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Douglas Edward AKRIDGE, Jr., Appellant-Defendant, v. STATE of Indiana, Appellee-Plaintiff.
 Douglas Edward Akridge, Jr., appeals the one and one-half year sentence the trial court imposed after he pleaded guilty to failure to return to lawful detention, a Level 6 felony.1 He asks the Court to review and revise his sentence. We affirm because Akridge's sentence is not inappropriate in light of the nature of the offense and his character.
 In August 2019, Akridge was serving a sentence on community corrections in Case Number 79D05-1712-F6-1344 (F6-1344) after pleading guilty to a prior charge of failure to return to lawful detention, a Level 6 felony, with a habitual offender sentencing enhancement. Community corrections officers tracked Akridge by a GPS unit attached to his leg. In addition, they had reviewed and approved his daily schedule, which included attending substance abuse treatment and going to work at a fast-food restaurant.
 The officers filed conduct violation reports in Akridge's case on August 14, 17, and 27, 2019, respectively. They claimed he had committed violations including attempted tampering with his GPS device, failing a drug screen, and failing to pay community corrections fees.
 On the morning of August 30, 2019, Akridge left the work release facility to attend substance abuse treatment, to be followed by a shift at work. He did not return to the facility at the specified time later in the day, and his GPS unit stopped reporting data. On August 31, investigating officers learned that Akridge had reported to his treatment provider after a six-hour delay, but he had never reported to work. The officers checked area hospitals and the county jail, but they did not locate Akridge on August 31. They subsequently arrested him at a co-worker's home.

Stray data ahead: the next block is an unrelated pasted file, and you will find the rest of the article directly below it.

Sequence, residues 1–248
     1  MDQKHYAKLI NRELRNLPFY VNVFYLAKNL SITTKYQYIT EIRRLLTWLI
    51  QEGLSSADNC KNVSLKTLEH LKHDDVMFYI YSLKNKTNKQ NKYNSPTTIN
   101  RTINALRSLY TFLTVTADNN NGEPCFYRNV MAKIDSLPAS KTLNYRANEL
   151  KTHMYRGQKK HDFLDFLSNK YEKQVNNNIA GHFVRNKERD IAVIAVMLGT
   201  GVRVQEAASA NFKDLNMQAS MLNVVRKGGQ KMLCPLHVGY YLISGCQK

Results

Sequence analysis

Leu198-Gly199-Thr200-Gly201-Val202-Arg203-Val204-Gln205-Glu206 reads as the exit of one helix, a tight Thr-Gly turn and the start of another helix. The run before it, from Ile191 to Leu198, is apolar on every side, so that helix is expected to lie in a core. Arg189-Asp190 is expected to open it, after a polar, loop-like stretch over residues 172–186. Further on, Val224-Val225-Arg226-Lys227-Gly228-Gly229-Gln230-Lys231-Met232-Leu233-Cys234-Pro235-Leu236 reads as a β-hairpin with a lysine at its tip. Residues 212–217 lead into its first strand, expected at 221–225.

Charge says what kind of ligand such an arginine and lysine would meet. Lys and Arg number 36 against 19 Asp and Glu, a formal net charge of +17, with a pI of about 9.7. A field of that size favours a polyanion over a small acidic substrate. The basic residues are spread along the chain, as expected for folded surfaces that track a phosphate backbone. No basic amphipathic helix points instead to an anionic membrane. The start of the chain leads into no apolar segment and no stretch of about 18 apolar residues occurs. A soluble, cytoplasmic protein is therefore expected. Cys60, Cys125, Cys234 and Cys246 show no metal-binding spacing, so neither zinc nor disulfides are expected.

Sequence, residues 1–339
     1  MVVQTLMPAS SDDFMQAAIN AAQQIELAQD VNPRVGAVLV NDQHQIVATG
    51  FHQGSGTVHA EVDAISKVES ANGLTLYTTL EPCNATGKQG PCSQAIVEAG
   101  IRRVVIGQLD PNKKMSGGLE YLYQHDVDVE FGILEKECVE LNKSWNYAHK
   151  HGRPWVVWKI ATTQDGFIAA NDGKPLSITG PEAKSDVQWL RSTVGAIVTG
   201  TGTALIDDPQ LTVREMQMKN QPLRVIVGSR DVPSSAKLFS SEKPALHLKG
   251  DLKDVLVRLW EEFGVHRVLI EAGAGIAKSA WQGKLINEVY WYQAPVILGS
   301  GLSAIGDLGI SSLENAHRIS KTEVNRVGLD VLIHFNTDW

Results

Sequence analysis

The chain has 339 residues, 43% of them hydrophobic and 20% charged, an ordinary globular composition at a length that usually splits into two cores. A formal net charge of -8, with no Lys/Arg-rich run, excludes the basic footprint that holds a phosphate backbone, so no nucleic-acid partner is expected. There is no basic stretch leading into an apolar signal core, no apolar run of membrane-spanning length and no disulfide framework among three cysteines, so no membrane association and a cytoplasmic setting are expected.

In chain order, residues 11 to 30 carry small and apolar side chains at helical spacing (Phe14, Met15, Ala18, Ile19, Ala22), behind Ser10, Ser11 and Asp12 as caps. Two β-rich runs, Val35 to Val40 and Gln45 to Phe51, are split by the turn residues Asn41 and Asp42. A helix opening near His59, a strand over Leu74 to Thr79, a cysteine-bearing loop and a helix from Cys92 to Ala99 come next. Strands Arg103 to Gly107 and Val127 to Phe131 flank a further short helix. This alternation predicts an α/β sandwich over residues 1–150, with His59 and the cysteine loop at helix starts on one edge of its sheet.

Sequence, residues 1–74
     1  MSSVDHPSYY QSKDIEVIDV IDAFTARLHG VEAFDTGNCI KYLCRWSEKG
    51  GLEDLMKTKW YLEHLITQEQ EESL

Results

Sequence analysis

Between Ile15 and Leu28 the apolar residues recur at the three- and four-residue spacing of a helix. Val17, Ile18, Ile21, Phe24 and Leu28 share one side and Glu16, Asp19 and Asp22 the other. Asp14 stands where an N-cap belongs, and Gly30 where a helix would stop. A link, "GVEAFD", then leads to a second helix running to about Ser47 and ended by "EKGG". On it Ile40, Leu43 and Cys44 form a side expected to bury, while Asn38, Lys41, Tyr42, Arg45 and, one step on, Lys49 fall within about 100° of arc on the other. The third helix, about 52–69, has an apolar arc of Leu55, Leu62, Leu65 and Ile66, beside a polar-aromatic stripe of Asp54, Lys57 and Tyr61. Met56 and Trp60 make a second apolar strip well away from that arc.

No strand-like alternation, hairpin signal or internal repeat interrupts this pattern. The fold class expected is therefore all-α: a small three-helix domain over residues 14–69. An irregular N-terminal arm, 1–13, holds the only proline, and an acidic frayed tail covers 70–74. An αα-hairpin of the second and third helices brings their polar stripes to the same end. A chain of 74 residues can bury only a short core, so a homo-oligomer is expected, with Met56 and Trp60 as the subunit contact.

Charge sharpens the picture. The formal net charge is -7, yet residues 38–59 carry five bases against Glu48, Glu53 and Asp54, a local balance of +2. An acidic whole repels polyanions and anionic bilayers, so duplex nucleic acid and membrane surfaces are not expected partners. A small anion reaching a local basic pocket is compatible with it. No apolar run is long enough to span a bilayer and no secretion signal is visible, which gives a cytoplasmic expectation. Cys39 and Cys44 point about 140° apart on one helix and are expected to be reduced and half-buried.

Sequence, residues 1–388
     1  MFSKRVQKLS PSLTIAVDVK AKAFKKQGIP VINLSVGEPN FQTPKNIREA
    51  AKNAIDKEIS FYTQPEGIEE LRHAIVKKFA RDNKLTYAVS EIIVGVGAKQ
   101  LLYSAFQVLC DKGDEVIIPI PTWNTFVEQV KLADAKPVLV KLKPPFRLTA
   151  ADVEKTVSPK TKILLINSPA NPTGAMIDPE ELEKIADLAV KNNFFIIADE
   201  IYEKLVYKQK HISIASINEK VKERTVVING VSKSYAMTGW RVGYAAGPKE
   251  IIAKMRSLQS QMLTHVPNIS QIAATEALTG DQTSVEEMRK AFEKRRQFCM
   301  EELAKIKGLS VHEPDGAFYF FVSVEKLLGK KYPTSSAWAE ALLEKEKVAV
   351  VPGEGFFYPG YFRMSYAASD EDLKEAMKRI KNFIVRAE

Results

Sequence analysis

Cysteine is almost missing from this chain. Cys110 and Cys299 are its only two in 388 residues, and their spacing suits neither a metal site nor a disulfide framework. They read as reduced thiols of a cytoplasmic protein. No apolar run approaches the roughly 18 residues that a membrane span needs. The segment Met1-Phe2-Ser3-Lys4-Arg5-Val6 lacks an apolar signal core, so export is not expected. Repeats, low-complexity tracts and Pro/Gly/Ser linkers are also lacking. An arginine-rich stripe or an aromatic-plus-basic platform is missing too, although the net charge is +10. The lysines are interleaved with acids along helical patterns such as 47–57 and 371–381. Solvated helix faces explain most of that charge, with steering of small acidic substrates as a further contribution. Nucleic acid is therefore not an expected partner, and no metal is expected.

The State requested revocation of Akridge's community corrections placement in F6-1344. In addition, on November 12, 2019, the State opened Case Number 79D05-1911-F6-1219 (F6-1219), charging Akridge with a new count of failure to return to lawful detention, a Level 6 felony.
 Akridge later pleaded guilty as charged in F6-1219 without a plea agreement and admitted to violating the terms of his community corrections placement in F6-1344. The trial court sentenced him to one and one-half years in F6-1219, with six months of the sentence to be served on community corrections. The court further ordered Akridge to serve the remaining 377 days of his sentence in F6-1344 in the Department of Correction or the county jail. This appeal followed.
 Akridge challenges the executed portion of his sentence in F6-1219, asking the Court to allow him to serve it entirely on work release.2 Article 7, section 6 of the Indiana Constitution authorizes the Court to review and revise sentences “to the extent provided by rule.” This constitutional authority is implemented through Appellate Rule 7(B), which provides that Indiana's appellate courts may revise a sentence otherwise authorized by statute “if, after due consideration of the trial court's decision, the Court finds that the sentence is inappropriate in light of the nature of the offense and the character of the offender.”
 The principle role of appellate review under Appellate Rule 7(B) is to attempt to leaven the outliers. Hunter v. State, 60 N.E.3d 284 (Ind. Ct. App. 2016), trans. denied. “[W]e must and should exercise deference to a trial court's sentencing decision, both because Rule 7(B) requires us to give ‘due consideration’ to that decision and because we understand and recognize the unique perspective a trial court brings to its sentencing decisions.” Stewart v. State, 866 N.E.2d 858, 866 (Ind. Ct. App. 2007). More specifically, when a defendant claims that the placement of a sentence is inappropriate, it is “quite difficult” for the defendant to prevail because “trial courts know the feasibility of alternative placements in particular counties or communities.” Fonner v. State, 876 N.E.2d 340, 343 (Ind. Ct. App. 2007). A defendant bears the burden of persuading the appellate court that his or her sentence has met this inappropriateness standard of review. Childress v. State, 848 N.E.2d 1073 (Ind. 2006).